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AUXILIARY BISHOP Christian special edition C17

Catholic san francisco | May 24, 2018

pioneers: Dominican priests and sisters of Northern California FROM PAGE C16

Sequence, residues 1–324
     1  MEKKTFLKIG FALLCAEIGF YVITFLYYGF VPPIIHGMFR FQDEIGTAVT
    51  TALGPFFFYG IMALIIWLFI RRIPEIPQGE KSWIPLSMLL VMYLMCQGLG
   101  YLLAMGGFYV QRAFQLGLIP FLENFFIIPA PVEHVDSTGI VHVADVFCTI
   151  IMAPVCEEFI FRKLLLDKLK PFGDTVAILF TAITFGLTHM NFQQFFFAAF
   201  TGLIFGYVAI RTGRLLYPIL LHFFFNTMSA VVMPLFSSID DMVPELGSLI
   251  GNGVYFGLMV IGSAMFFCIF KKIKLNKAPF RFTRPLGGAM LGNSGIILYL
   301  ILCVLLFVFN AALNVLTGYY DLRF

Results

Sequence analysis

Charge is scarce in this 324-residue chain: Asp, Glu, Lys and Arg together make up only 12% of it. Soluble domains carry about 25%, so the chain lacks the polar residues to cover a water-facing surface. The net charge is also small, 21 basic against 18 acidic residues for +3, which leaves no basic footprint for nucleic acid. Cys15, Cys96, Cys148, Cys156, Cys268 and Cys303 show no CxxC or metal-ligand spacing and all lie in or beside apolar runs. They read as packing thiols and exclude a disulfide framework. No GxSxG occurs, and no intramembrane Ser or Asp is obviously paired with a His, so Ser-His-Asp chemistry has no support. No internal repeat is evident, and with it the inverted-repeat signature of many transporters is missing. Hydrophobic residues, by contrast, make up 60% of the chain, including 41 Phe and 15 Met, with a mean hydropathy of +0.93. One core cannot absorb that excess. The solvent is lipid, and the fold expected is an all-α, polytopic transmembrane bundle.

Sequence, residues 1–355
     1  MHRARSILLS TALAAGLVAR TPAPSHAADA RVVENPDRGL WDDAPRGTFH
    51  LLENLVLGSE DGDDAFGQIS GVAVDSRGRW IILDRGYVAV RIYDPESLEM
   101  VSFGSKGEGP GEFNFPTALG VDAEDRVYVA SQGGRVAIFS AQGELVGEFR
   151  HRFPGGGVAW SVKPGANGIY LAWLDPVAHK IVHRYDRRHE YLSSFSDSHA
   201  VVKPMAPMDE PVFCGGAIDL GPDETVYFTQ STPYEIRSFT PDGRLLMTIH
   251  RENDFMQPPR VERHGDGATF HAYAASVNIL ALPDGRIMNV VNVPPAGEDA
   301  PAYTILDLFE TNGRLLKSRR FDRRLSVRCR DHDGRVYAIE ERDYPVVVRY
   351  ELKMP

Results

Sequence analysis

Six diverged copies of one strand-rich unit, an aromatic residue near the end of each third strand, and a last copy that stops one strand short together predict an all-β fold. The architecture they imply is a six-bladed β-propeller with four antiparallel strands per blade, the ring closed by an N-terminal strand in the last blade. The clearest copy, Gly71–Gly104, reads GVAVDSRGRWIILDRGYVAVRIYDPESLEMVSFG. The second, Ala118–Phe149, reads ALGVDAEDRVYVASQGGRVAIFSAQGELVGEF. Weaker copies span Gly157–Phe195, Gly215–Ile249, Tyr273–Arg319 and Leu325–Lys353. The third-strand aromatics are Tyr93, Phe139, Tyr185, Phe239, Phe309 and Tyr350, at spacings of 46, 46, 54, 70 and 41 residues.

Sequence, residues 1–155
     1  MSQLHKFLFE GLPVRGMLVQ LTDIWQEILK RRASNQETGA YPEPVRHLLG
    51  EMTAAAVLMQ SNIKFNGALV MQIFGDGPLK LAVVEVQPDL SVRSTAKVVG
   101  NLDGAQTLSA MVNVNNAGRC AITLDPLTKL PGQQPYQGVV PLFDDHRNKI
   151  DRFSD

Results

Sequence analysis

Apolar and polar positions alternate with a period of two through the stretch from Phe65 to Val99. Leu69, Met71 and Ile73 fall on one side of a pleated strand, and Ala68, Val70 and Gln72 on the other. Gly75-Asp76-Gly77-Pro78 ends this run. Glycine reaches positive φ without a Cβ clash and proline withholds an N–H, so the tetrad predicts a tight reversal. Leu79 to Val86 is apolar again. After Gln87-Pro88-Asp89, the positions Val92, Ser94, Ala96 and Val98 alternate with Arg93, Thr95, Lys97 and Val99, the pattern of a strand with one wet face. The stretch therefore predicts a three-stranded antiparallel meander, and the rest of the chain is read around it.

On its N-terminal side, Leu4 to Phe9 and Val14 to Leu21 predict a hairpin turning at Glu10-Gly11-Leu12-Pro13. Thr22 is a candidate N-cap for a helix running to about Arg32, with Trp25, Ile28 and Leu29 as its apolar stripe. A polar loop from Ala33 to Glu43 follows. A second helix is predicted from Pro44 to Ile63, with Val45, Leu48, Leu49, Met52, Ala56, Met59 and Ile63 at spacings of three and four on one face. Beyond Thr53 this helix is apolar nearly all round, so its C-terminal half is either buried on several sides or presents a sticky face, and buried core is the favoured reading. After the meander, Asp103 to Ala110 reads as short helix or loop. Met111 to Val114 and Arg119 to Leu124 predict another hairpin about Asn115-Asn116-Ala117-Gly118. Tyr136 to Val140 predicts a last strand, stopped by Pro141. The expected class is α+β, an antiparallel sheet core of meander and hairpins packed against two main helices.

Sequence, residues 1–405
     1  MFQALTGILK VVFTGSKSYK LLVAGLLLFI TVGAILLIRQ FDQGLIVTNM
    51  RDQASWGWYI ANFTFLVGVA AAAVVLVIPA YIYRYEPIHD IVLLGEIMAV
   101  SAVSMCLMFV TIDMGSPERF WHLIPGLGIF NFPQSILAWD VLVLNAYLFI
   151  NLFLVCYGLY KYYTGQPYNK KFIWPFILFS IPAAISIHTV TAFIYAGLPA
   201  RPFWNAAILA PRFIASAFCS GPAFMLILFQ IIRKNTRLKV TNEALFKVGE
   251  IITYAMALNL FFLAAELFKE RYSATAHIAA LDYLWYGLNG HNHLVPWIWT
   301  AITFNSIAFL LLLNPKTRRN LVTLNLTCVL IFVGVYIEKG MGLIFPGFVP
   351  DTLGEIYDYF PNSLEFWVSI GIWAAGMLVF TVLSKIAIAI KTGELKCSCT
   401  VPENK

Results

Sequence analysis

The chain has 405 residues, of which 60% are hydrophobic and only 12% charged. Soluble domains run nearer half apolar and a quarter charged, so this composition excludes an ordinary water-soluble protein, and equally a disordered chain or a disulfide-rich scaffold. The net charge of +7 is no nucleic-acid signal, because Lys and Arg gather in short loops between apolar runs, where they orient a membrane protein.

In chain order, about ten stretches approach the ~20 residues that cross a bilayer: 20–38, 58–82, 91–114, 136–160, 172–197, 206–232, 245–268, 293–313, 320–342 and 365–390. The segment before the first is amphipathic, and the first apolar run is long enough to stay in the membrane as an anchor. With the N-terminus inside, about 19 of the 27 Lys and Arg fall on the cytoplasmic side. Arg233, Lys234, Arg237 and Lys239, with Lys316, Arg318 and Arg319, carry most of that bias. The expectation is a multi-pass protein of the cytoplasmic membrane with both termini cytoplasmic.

can for us. He even told me, if he could get Sisters of Charity he preferred them to any other Order. I must tell you that I was not much pleased with the Bishop when I first saw him, but indeed, I am now … A good concerned bishop and, evidently, a shrewdly politic one! In a final note Sister Francis reveals perhaps the main reason for her and her sisters improved though continuing sadness with their San Francisco mission: “This is a strange place, a real bad place. Immorality seems to be the favorite virtue here. God pity us! We need prayers and good fervent ones, for we see nothing good in this miserable place.” But they made the most of it. In October, 1852, the Daughters opened St. Vincent’s School at St. Patrick’s church in Happy Valley (south Market), and soon an orphanage was added. In 1854 Alemany sent Fr. Hugh Gallagher to Ireland to gather more recruits from the sisterhoods there. The mission proved highly successful. On November 13, 1854, five Presentation Sisters of County Cork arrived in San Francisco and in little more than two weeks had opened a free school on Green Street and laid the cornerstone for a permanent foundation on Powell Street. Less than a month later, on December 8, 1854, eight Sisters of Mercy arrived from Kinsale, Ireland. Initially they visited the homes of the sick, but were soon ministering at the City Hospital. But it was in the following year of 1855 that the Mercy Sisters proved their mettle and became endeared to San Franciscans generally. It was in this year that a severe plague of cholera broke out in the city, and the Mercy Sisters were in the forefront of those nursing the sick and the dying. At the prodding of the persistent archbishop, priests, too, continued to volunteer for California, and of course the Catholic laity grew with the fast growing population of the newest State. “By the end of 1855, the number of Catholics under Alemany’s pastoral care had grown to 68,000. Forty-six priests served the diocese (all foreign-born), but encouragement was to be found in the fact that a diocesan seminary, located at Mission Dolores and christened by the Dominican archbishop St. Thomas Seminary, contained 10 students for the diocese. Moreover, 15 other aspirants were studying for San Francisco in the Irish seminaries of All Hallows and Carlow and in the Roman College de Propaganda Fide. The City Hospital, conducted by the Sisters of Mercy, was caring for 200 sick persons. There were two orphan asylums, one housing 30 boys at San Rafael and one for girls under the Sisters of Charity in San Francisco with one hundred in residence. There was a convent of Dominican Fathers in Benicia, as well as “Female Academies, number of ladies, two hundred.”